Foreign ministers of Arctic nations, as well as key stakeholders from non-Arctic states including China, will underscore the urgency of combating climate change at a summit in Alaska on Monday.
US President Barack Obama and Secretary of State John Kerry will attend the global conference that is being in the US city of Anchorage, Alaska, on August 30-31.
The US State Department is hosting the conference on “Global Leadership in the Arctic: Cooperation, Innovation, Engagement and Resilience, or GLACIER”.
The US has assumed chairmanship of the Arctic Council in 2015. The US has held interests in the Arctic since it bought Alaska from Russia in 1867.
Key stakeholders, during the conference, will discuss climate change, adaptation planning and strengthening coordination in Arctic affairs, said the US State Department.
Arctic nations have long vied for the potentially valuable resources beneath the northern seas.
The US geological Survey in 2008 said the Arctic Circle has an estimated 90 billion barrels of recoverable oil, 1,670 trillion cubic feet of recoverable natural gas, and 44 billion barrels of recoverable natural gas liquids.
China has one research station in the Arctic, the Yellow River Station and a Polar Research Institute in Shanghai to train scientists in Arctic research. In 2015, China will launch three research expeditions to the Arctic.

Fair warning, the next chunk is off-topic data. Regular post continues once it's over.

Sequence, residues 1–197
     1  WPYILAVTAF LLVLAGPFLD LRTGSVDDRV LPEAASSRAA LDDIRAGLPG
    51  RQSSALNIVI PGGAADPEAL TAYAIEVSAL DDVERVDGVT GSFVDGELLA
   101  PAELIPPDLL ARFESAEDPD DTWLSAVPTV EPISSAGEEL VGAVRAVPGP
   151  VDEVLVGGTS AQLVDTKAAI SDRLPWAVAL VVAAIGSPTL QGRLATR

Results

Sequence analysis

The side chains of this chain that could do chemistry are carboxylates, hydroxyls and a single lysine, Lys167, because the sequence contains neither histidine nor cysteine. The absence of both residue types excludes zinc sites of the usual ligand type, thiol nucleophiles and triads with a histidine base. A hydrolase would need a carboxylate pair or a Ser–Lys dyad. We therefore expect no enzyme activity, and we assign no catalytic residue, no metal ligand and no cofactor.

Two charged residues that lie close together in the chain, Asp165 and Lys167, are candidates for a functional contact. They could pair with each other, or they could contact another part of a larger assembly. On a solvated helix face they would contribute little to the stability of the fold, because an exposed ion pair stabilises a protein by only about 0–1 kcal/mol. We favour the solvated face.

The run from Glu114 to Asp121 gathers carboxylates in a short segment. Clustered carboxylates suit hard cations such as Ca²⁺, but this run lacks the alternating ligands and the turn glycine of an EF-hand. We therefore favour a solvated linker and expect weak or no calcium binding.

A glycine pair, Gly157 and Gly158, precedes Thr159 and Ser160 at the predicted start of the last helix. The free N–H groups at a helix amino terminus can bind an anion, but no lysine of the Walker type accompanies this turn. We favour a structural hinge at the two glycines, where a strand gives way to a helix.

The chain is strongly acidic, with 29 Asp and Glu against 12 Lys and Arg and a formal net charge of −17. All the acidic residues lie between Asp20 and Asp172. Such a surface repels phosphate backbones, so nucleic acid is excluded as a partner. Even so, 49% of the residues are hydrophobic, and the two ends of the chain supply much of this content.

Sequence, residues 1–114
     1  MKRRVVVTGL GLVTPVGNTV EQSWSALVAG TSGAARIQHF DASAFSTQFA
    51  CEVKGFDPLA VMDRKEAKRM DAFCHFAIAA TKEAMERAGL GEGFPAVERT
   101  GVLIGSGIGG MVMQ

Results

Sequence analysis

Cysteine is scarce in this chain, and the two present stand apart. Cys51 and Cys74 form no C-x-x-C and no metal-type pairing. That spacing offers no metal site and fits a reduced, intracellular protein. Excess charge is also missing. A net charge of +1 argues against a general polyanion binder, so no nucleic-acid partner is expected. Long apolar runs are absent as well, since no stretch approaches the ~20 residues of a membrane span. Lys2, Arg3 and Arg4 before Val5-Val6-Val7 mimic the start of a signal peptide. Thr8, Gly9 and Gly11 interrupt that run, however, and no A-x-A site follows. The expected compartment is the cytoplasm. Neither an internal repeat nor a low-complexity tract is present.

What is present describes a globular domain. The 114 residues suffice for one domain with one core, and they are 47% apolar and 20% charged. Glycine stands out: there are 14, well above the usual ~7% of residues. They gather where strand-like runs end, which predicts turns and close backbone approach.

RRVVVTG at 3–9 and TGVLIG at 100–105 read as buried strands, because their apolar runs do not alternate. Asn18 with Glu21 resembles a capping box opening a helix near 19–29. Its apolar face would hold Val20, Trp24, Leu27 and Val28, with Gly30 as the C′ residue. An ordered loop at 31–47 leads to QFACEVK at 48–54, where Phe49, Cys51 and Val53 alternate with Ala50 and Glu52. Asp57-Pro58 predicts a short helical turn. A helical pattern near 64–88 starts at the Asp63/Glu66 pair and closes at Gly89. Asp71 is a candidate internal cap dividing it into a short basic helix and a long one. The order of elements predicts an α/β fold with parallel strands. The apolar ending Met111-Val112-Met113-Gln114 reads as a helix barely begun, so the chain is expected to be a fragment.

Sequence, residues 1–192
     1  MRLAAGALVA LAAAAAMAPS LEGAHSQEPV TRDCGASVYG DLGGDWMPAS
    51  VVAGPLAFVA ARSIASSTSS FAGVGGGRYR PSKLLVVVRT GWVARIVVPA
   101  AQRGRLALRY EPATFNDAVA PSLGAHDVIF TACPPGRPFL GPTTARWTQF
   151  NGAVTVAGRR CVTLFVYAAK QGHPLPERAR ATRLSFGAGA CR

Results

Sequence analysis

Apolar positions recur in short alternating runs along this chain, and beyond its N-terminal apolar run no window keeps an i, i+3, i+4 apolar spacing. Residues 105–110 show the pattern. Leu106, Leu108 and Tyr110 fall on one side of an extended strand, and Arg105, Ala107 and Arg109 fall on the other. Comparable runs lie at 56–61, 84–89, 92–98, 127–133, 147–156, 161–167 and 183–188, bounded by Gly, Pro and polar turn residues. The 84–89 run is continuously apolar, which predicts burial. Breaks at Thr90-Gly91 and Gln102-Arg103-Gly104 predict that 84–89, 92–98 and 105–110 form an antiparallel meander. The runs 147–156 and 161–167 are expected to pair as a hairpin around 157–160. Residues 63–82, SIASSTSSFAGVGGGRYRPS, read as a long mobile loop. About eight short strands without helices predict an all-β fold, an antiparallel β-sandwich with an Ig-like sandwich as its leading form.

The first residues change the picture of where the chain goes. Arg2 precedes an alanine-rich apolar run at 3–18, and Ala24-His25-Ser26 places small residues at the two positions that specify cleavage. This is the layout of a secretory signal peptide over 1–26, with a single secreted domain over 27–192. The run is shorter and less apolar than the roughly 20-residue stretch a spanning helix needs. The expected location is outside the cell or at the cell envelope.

Russia’s delegation to the Alaska conference will be headed by Russian envoy to the US Sergey Kislyak. Russia boasts of hosting half of the arctic coastline.
Russia has made claims on several Arctic shelf areas and is planning to defend its bid at the UN. Canada, US and Denmark also lay claim to parts of the resource-rich shelf.
Meanwhile, China and India were granted observer status in the Arctic council after an announcement at a ministerial meeting in Sweden in 2013.
China and India can now sit in on meetings at the Arctic Council without voting. The Arctic Circle has been looking to incorporate more inclusive debate about the future of the Arctic region.
At present, only the eight countries of the Arctic Council have a say in setting policy in the region – America, Canada, Denmark, Finland, Norway, Russia, Sweden and Iceland.
The Arctic is expected to become ice-free in coming decades as temperatures there rise twice as fast as in the rest of the world, which has led to a major push by oil and mining companies to drill in Arctic waters, and by Asian countries hoping to cut shipping routes.
US Secretary of State John Kerry has said the Arctic has enormous national security implications for the US.
“For a long time now, I’ve shared the view that the Arctic region really is the last global frontier, and the United States needs to elevate our attention and effort to keep up with the opportunities and consequences presented by the Arctic’s rapid transformation,” Kerry said last year.
TBP and Agencies